Florida Action Committee fights absurd Miami-Dade ordinance

By Isabella Vi Gomes . . . For 12 years, Miami-Dade’s registered sex offenders have been barred from living within 2,500 feet of any school, playground, or daycare. They’re effectively homeless by law, and today hundreds live in squalor in makeshift “tent cities” under bridges, near trailer parks, and on roadsides. After New Times reported on a camp near Hialeah, county officials called these encampments inhumane and unsanitary and promised a solution.

That solution, though, apparently isn’t to amend the law or to find transitional housing. Two commissioners now want to simply put the offenders back in jail.

This morning, the county commission considered an ordinance that would change Miami-Dade’s policy on what to do with homeless people who are found sleeping on public property. Currently, police are required to offer homeless people the chance to go to a shelter before arresting them, but under the proposed change, homeless sex offenders would be immediately arrested.

Members of the local American Civil Liberties Union and the Florida Action Committee (FAC) have already called the measure excessive punishment and are demanding that commissioners vote against it.

“Instead of building affordable housing, [the county] would rather spend money on incarceration and criminalizing homelessness,” says ACLU attorney Nancy Abudu, who is defending three homeless sex offenders in a lawsuit against Miami-Dade.

Since the county passed its restrictive laws in 2005, sex offenders across Miami-Dade have struggled to find permanent residences. Because the majority of the county is off-limits, dozens were forced to live under the Julia Tuttle Causeway until a national backlash resulted in their relocation. By 2014, the colony had been moved multiple times, eventually to a set of railroad tracks near Hialeah, where at least 233 offenders have lived in tents since then.

This past August, New Times investigated the encampment at NW 71st Street and NW 36th Court, which local business owners say has scared customers away and made them worry for their safety. Soon after, Homeless Trust Chairman Ron Book declared the site a “health crisis” and promised the county would shut it down as soon as possible. In spite of his remarks, the camp is still there months later.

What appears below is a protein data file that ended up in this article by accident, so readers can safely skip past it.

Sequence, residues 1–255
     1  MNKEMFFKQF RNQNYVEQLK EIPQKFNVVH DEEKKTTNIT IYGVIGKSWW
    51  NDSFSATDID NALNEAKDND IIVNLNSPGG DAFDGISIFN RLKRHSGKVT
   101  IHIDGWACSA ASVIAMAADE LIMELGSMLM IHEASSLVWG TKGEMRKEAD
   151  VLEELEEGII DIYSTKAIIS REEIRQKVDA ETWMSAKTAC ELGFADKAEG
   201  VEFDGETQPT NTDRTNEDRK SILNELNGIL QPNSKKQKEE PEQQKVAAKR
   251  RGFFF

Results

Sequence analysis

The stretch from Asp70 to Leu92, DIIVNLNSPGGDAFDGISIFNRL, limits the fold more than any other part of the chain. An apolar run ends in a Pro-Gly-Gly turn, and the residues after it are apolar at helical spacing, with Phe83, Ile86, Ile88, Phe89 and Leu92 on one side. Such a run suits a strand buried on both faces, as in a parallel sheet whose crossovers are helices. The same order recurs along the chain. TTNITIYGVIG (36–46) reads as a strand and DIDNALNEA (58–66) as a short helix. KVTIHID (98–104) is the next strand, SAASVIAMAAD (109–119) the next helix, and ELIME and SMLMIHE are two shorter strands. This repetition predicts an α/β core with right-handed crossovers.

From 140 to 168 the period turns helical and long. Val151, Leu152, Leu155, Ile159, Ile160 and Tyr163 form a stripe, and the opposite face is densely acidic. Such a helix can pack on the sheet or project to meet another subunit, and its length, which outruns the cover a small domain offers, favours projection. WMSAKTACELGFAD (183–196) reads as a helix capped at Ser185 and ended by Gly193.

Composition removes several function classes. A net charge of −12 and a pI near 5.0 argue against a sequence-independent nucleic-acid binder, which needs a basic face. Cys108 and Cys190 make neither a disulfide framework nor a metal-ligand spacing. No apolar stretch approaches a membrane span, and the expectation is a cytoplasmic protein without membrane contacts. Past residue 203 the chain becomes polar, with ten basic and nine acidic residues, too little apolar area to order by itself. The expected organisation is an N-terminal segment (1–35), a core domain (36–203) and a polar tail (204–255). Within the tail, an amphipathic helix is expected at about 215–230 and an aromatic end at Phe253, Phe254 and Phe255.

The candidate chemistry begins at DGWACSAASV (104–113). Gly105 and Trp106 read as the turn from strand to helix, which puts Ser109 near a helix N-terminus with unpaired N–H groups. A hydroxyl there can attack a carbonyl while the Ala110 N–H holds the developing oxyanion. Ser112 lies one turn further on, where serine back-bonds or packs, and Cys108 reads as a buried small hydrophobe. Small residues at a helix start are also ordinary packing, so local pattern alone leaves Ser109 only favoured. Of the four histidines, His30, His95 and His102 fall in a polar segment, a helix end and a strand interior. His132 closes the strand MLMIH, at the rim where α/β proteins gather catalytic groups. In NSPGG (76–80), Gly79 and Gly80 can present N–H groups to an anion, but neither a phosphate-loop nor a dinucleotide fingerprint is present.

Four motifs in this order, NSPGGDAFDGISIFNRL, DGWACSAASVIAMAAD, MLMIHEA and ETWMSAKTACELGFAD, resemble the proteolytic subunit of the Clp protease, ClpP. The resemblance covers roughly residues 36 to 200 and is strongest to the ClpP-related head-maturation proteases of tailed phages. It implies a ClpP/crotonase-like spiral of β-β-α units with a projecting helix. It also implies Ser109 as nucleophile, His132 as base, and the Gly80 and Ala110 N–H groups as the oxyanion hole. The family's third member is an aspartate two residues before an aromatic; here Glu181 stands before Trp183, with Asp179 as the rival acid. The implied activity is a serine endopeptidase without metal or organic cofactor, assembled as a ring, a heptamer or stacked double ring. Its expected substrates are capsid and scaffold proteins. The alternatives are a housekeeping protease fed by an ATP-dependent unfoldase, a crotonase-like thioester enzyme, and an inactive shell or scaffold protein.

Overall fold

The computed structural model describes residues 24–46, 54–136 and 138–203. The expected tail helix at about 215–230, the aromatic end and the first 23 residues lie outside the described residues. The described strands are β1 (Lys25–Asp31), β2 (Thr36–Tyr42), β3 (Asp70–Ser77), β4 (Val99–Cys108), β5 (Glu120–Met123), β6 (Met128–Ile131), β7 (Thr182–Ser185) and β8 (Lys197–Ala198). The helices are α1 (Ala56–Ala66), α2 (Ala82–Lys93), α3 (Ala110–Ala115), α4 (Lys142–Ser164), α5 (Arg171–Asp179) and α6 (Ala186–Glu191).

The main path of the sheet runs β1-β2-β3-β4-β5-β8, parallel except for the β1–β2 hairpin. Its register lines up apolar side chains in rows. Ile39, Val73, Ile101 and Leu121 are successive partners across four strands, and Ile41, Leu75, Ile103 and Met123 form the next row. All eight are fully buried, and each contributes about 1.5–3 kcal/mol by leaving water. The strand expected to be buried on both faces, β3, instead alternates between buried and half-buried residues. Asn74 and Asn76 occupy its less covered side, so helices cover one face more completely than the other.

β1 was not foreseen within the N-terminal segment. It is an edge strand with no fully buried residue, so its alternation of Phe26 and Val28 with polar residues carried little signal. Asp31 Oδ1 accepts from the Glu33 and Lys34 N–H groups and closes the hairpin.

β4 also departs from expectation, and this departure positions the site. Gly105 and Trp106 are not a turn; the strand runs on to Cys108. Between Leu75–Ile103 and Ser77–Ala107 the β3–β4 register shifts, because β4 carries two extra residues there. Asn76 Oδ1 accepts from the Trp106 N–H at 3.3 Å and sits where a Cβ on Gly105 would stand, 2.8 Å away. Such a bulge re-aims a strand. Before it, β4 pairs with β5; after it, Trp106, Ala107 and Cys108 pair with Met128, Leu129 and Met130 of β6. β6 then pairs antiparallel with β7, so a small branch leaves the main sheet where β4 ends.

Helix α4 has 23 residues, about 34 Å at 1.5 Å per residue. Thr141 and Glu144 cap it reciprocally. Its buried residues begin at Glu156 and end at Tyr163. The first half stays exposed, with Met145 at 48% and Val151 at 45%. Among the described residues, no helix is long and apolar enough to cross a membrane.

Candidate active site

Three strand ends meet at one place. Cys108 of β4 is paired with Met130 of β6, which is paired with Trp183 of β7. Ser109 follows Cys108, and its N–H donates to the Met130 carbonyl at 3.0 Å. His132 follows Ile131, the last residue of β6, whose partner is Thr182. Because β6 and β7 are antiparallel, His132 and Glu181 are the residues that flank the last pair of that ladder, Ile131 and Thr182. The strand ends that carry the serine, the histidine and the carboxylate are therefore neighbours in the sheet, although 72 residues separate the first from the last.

Critics have long demanded that the county relocate sex offenders to legal housing. However, many commissioners disagree. One, in particular, has offered his own solution: placing offenders back behind bars.

Recently, Commissioner Esteban Bovo drafted a proposal to amend the county code governing overnight camping on public property. The code states that law enforcement is required to offer homeless people the opportunity to go to a shelter before arresting them. Bovo’s ordinance, however, would eliminate this safeguard for sex offenders, claiming it has been an “unworkable, unduly [burden] on law enforcement” because sex offenders are ineligible to stay at homeless shelters anyway.

Bovo’s ordinance, cosponsored by Commissioner Rebeca Sosa, passed its first hearing this morning and is scheduled to go to committee in December. If it’s approved, homeless sex offenders would be vulnerable to immediate arrests, while other homeless people would continue to be protected under the code.

Bovo says that “as commissioners, we are tasked with identifying ways in which to keep the residents and families of Miami-Dade safe, and this item accomplishes this goal.”

Many homeless advocates, however, insist the ordinance would not improve public safety.

“It’s ill-informed, uninformed policy,” says Gail Colletta, president of the FAC. If anything, the ordinance would put sex offenders, who are trying to be compliant with the county law, between “a rock and a hard place,” she says.

“Either they stay in the area and risk violating the [ordinance], or they leave and risk arrest for violating the county’s [residency restriction],” she says. “It’s a lose-lose situation.”

Abudu says the ordinance might also violate the state and federal constitutions because it would add time to sex offenders’ criminal sentences retroactively. “It’s unfair to set these people up for incarceration, where they’ll be subject to poor mental-health services, overcrowding, and limited resources,” she says.

Of particular concern, Colletta says, is the motivation behind the ordinance: “It seems like a pointless move on [the county’s] part. Either it’ll push [sex offenders] to go underground or, if they’re arrested, taxpayers will be forced to foot the bill.”

Instead, the ACLU and the FAC urge the county to do away with its harsh policies.

“[The county] should be getting rid of the residency restriction,” Colletta says. “These people shouldn’t need to live on the street in the first place.”



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